Darwin's Origin of Species: A Biography: A Book That Shook the World
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No book has changed our understanding of ourselves more than Darwin's Origin of Species. It caused a sensation on its first day of publication in 1859 and went on to become an international bestseller. The idea that living things gradually evolve through natural selection profoundly shocked its Victorian readers, calling into question what had been for many the unshakeable belief that there was a Creator. In this book, Janet Browne, Charles Darwin's foremost biographer, shows why Darwin's Origin of Species can fairly claim to be the greatest science book ever published. She describes the genesis of Darwin's theories, explains how they were initially received and examines why they remain so contentious today. Her book is a marvellously readable account of the work that altered forever our knowledge of what it is to be human.
Such is usually assumed to be the case. To it might be added his religious qualms, a self-imposed punishing work schedule, the ceaseless publishing activities, duties in London’s learned societies and worries about the future. There is little evidence for physical causes for his ill-health such as arsenic poisoning, allergies, lupus or Chagas disease, a South American disorder transmitted by the black bugs of the pampas that Darwin may have picked up during his travels. Some 150 years later it is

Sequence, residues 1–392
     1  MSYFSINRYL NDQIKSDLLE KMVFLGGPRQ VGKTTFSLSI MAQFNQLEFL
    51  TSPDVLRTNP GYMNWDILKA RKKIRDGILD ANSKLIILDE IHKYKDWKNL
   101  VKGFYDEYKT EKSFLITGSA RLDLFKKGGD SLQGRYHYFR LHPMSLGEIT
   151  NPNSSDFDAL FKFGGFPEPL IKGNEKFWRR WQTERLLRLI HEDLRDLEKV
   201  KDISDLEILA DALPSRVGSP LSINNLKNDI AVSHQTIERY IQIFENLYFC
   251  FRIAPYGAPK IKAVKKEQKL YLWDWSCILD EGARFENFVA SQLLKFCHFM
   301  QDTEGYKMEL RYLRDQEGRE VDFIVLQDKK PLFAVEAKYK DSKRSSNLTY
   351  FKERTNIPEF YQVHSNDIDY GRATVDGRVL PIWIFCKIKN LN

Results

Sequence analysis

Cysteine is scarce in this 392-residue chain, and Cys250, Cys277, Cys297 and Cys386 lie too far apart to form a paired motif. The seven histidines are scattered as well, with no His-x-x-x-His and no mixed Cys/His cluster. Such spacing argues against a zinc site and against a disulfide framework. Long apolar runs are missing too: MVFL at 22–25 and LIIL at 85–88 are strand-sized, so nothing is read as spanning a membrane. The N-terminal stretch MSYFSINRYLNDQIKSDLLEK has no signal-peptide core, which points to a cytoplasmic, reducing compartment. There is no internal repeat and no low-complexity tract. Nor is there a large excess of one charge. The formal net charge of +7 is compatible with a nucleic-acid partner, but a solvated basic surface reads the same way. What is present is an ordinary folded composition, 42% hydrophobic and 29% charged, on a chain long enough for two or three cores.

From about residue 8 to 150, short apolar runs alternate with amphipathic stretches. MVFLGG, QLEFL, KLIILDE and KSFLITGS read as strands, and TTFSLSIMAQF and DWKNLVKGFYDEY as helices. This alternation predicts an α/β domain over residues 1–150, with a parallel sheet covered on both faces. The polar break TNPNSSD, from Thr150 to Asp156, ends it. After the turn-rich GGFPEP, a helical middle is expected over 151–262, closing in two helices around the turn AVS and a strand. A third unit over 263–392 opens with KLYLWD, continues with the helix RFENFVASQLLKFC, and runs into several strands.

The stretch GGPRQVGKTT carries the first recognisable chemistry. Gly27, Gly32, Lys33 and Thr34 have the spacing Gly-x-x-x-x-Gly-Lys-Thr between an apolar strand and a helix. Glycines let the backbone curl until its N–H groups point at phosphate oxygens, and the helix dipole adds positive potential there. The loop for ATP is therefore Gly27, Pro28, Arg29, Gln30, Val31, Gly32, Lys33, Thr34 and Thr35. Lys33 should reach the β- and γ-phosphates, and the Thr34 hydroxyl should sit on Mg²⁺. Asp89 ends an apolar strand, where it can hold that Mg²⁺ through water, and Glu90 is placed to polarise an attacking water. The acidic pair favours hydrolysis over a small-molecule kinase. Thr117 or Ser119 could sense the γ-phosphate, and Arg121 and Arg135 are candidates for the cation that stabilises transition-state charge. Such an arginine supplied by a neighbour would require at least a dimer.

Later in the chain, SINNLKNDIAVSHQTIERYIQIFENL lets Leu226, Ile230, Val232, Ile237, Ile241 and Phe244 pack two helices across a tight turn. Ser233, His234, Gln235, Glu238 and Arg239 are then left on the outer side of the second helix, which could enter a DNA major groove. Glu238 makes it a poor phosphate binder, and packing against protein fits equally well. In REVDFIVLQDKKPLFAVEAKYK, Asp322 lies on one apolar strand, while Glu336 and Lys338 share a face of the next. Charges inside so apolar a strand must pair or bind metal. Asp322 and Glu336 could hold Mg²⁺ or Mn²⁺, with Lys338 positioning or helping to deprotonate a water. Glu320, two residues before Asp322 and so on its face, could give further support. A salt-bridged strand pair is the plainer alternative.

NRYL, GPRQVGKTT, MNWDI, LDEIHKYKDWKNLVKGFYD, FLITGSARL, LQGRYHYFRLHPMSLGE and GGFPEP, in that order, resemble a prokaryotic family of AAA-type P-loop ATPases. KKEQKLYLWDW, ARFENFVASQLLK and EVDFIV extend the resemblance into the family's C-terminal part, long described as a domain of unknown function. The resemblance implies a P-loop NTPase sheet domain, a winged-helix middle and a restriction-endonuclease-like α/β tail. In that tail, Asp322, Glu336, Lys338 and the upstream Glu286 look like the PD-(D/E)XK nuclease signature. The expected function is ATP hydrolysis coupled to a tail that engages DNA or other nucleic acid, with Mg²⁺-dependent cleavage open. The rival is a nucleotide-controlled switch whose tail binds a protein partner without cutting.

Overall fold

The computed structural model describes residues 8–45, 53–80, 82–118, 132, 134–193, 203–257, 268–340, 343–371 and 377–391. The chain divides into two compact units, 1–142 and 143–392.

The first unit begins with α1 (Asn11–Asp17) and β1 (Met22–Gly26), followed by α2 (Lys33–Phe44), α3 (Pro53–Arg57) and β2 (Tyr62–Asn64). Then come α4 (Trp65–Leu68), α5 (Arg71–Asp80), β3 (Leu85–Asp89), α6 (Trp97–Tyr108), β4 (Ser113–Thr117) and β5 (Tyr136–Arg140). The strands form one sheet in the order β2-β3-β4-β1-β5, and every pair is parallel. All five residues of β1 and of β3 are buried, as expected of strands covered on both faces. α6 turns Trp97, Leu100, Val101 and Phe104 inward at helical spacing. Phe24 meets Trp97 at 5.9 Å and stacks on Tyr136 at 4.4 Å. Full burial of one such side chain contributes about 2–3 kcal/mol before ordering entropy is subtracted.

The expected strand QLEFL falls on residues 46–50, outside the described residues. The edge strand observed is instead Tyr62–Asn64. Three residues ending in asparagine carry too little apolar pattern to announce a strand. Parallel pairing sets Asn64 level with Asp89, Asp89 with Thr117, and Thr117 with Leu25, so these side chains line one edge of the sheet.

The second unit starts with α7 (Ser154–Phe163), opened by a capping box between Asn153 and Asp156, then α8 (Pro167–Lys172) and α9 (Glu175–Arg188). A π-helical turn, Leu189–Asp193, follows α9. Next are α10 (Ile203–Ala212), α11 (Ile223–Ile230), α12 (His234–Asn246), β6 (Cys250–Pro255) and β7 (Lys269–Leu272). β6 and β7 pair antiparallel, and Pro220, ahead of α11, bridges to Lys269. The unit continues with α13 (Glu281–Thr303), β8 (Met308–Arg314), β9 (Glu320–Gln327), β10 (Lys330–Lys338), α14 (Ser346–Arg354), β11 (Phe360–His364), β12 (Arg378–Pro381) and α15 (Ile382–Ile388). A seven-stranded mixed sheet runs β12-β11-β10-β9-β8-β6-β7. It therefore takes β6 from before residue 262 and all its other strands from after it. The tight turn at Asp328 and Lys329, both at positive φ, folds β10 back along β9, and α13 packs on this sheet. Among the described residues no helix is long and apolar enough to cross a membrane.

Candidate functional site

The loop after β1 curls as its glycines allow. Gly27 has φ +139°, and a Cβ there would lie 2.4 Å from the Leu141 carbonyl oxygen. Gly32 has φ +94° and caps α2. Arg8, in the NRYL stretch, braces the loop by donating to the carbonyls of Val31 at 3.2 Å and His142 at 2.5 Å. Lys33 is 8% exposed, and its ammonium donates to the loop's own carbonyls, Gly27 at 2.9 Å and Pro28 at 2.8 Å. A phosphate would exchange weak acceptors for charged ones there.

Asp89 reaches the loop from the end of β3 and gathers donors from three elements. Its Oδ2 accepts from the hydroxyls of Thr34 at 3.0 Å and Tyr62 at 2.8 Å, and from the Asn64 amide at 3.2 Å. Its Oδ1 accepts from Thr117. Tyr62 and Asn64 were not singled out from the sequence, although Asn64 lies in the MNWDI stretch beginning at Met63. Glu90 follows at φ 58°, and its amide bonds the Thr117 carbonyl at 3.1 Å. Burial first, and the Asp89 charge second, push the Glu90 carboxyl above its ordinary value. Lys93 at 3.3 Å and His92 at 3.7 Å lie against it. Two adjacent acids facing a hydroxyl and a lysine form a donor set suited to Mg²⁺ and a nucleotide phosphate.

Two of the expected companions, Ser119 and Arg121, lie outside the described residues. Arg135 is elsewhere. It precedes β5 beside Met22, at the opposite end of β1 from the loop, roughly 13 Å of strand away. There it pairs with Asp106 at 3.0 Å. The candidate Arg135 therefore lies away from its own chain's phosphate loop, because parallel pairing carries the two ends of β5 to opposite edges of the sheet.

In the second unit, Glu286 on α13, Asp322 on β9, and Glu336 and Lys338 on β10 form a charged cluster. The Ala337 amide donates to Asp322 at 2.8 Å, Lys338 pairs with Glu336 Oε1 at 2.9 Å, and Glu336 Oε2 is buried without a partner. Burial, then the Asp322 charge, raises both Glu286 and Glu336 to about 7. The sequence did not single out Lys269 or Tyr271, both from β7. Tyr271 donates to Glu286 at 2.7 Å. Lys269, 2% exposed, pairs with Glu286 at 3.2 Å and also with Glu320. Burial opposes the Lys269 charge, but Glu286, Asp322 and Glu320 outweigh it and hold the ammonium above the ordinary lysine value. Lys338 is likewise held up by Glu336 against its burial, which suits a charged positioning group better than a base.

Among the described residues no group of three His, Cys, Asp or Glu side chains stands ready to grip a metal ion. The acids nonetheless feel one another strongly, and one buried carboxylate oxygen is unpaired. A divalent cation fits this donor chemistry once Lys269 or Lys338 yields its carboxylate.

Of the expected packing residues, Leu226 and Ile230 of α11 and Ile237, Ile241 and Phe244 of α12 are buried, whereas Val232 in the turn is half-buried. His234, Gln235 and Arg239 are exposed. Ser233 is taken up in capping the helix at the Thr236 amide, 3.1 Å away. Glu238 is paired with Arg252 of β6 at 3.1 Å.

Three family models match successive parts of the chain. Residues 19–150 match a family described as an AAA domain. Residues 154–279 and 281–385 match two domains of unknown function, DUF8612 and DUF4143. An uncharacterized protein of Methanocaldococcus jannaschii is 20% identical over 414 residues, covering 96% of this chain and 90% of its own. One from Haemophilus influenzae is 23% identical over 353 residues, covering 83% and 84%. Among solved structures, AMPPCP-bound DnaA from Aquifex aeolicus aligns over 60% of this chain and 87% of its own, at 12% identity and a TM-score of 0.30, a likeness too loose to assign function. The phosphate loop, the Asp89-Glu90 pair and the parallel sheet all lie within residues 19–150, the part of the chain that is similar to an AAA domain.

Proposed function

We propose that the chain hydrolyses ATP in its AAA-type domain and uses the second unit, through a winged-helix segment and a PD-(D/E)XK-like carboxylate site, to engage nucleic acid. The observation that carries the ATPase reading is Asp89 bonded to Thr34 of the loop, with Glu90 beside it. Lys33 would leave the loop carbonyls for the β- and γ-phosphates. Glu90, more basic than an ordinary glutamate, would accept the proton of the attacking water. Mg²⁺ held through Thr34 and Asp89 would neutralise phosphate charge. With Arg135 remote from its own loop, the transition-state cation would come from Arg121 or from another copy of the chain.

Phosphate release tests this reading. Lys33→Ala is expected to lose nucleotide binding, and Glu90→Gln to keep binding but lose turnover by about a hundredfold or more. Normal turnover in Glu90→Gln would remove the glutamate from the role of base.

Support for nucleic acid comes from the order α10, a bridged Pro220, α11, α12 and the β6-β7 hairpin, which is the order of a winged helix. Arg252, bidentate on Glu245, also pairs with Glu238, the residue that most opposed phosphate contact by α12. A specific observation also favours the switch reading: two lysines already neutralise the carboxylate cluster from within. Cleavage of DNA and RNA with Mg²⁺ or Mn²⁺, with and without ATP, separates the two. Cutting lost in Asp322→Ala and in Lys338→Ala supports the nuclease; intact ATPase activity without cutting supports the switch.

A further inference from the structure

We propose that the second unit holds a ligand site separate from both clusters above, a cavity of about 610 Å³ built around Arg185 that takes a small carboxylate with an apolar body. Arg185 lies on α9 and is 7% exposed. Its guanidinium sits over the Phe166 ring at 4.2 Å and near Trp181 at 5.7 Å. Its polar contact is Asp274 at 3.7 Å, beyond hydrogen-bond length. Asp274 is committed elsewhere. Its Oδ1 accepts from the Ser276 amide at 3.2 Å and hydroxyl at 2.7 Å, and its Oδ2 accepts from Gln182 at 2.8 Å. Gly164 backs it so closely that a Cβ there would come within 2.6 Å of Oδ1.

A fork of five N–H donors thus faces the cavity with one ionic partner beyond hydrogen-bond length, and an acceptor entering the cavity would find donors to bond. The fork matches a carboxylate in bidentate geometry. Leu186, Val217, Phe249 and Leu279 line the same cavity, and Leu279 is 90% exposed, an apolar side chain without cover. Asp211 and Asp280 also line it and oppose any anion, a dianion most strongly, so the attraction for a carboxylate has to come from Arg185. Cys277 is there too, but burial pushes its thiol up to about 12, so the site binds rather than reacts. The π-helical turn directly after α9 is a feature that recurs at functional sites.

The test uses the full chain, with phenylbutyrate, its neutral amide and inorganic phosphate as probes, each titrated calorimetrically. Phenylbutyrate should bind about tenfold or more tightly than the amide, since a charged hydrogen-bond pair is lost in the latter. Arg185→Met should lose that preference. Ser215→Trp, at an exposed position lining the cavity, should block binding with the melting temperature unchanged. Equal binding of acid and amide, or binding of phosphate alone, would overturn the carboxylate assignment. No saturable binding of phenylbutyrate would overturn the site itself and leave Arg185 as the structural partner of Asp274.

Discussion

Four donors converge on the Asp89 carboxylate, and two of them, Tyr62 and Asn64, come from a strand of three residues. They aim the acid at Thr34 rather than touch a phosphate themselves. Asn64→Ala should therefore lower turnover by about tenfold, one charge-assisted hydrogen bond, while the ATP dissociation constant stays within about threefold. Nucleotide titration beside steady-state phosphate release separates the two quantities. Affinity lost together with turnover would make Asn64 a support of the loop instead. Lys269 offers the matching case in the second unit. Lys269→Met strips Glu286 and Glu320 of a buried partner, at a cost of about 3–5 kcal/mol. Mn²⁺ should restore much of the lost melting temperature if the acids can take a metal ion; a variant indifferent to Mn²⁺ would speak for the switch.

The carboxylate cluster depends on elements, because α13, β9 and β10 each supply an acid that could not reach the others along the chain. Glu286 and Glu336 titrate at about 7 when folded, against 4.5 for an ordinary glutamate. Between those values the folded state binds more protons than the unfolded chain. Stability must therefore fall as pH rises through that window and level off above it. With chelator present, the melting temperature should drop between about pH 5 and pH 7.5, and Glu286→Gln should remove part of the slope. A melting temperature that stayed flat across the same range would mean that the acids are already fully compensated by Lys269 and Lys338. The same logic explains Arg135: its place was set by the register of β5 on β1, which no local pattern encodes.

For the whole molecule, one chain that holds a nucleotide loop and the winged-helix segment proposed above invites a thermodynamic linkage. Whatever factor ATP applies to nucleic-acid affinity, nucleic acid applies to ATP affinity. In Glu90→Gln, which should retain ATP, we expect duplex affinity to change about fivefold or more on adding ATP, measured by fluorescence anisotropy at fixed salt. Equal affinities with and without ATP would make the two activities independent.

were his ‘current love’ he told Hooker enthusiastically, and a hit with the young family. In them Darwin sought direct observational evidence of the inheritance of traits such as black wing feathers or the reversion of fancy breeds back to an ancestral type. In a manner of speaking he tried the same thing with plants in the greenhouse, but here he was looking for evidence of variability and how incipient species became mutually sterile. Many of these experimental questions were raised by him in
recoiled from seeing nature the way his selection theory demanded. ‘What a book a Devil’s chaplain might write on the clumsy, wasteful, blundering, low & horridly cruel works of nature!’ he once exclaimed to Hooker.16 ‘I have been so wearied and exhausted of late,’ he complained in September 1859. ‘I have for months doubted whether I have not been throwing away time & labour for nothing.’ Then, on 1 October 1859, he recorded in his diary, ‘Finished proofs’, and calculated that the whole process
materia medica – a much more informal arrangement than today. Very young men could attend the university by taking a handful of courses before they settled down to serious study. After a diligent start, sixteen-year-old Darwin found the realities of early nineteenth- century medicine upsetting. Two ‘very bad’ operations, one on a child, convinced him he would never make a doctor (this was long before the age of anaesthetics) and he left in 1827. During that short period, however, he was exposed
for example, in August 1999, decided to make evolution optional in the criteria it issues for science teaching. Hence evolution is no longer covered in standardized tests for Kansas schoolchildren. Kentucky has deleted the word ‘evolution’ and substituted ‘change over time’. These shifts in public opinion deeply worry scientists. Certainly, many scientists feel that an understanding of religious traditions has a relevant place in every child’s education, not least in lessons on history and the